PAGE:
that guyIt pains me to admit it but on this ride, I was 'that guy'. Dry sealant, tubeless valve stem that wouldn't come out, ensuing pinch flats. You name it, I did it. Since then, I've worked hard to make sure that never happened again.

No one wants to be 'that guy' on a ride. You know the one, always late, gear is all wanged up before you even get rolling, too little food or water....dry sealant (a dozy).  You can't control everything when it comes to heading out on a mtb ride with friends but here is a list of things that will help ensure you'll be invited back.

 

Make sure you have fresh sealant and at least one spare tube.
This is a big one, a few ounces of fresh sealant can make or break a ride. 

 

Make sure you have the proper tools, pump, quick link and Co2.
None of these things take up much room or cost very much but they can mean the difference between a quick fix and a long walk. Also make sure you know how to use all those fancy tools.

 

Make sure your bike is in good repair.
Obviously, out on the trail things go wrong, parts get broke but you shouldn’t be heading out with your buddies with worn out tires, brake pads, a leaky shock or a stretched chain. Get that stuff fixed ahead of time so you’re not ruining someone else's’ ride.

 

Make sure you have the proper clothes.
If you’re heading out for super long ride, one with questionable weather or into high elevations, be sure to bring the right clothing. This is especially true if there is any chance of getting caught out after dark.

 

Make sure you have the enough food and water.
Much like clothing, make sure you’ll have enough for the entire ride and don’t have to mooch off your companions.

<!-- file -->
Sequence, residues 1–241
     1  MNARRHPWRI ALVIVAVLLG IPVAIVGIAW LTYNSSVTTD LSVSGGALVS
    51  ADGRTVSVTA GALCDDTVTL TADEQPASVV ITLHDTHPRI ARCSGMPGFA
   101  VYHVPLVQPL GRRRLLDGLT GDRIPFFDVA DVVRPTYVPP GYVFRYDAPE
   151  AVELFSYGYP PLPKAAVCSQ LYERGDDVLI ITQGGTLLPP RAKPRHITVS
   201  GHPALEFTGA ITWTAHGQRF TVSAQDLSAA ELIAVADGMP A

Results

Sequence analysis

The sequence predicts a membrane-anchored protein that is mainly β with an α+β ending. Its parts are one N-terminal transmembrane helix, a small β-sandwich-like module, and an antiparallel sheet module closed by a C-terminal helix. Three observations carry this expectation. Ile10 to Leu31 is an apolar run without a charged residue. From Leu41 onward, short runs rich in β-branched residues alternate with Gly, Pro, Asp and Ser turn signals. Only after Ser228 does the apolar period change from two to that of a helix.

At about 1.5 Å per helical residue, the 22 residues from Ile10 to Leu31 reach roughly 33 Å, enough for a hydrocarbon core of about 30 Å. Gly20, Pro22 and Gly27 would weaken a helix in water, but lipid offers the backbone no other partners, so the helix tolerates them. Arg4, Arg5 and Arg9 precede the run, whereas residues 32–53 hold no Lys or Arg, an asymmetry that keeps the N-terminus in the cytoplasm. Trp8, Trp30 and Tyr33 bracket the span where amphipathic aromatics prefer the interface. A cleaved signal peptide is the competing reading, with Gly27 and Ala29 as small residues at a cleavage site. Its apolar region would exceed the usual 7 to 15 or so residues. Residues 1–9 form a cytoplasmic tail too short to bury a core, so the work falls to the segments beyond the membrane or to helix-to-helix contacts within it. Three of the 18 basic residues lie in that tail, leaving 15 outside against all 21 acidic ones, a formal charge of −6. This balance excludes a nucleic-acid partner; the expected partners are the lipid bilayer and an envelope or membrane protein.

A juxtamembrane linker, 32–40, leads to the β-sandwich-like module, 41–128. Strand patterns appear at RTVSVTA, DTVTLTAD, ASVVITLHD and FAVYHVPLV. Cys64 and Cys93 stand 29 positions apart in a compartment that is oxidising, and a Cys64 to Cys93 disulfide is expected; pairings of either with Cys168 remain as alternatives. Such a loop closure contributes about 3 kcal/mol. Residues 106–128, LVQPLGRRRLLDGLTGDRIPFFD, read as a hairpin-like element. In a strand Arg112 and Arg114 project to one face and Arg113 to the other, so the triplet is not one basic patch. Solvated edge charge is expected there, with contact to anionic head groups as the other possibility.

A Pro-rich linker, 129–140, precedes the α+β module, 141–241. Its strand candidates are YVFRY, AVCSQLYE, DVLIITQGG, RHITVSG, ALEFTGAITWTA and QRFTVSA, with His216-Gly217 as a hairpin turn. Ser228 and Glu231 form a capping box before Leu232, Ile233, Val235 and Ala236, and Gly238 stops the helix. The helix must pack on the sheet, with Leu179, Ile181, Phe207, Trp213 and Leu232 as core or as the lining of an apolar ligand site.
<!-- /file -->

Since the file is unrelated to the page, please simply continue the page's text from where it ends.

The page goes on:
Be on time for the ride. If people are meeting at your place, be ready to roll at the specified time.
Nothing is worse than standing around watching someone pumping up their tires in their flipflops while your kitchen pass it ticking away. For most, ride time is valuable time. If you say wheels down at 9am, be ready to ride at 9am.  Likewise, if you're meeting up with everyone someplace, be there when you said you'd be there. 

 

Be conscious of other’s time constraints.
See above. Not everyone has five hours to do a three hour ride.

 

Let people know if you have time constraints.
Along those same lines, if you only have three and a half hours and you’re looking at a three hour ride, let your riding companions know you can’t be jacking around taking selfies all day.

 

Bring cash for post ride food and beer (or bring beer).
Pretty self explanatory.

 

Know the route.
As long as you’re not clear out in the middle of nowhere, if something does go wrong with your bike, it’s not unreasonable to pull the plug and head back to the trailhead or send your crew ahead as long as you know where you’re going and can limp in.

 

Ride within your abilities.
Testing your abilities is awesome, that’s what mountain biking is all about but keep it reasonable. No one wants to cut their ride short because you attempted to ride something that was well above your paygrade.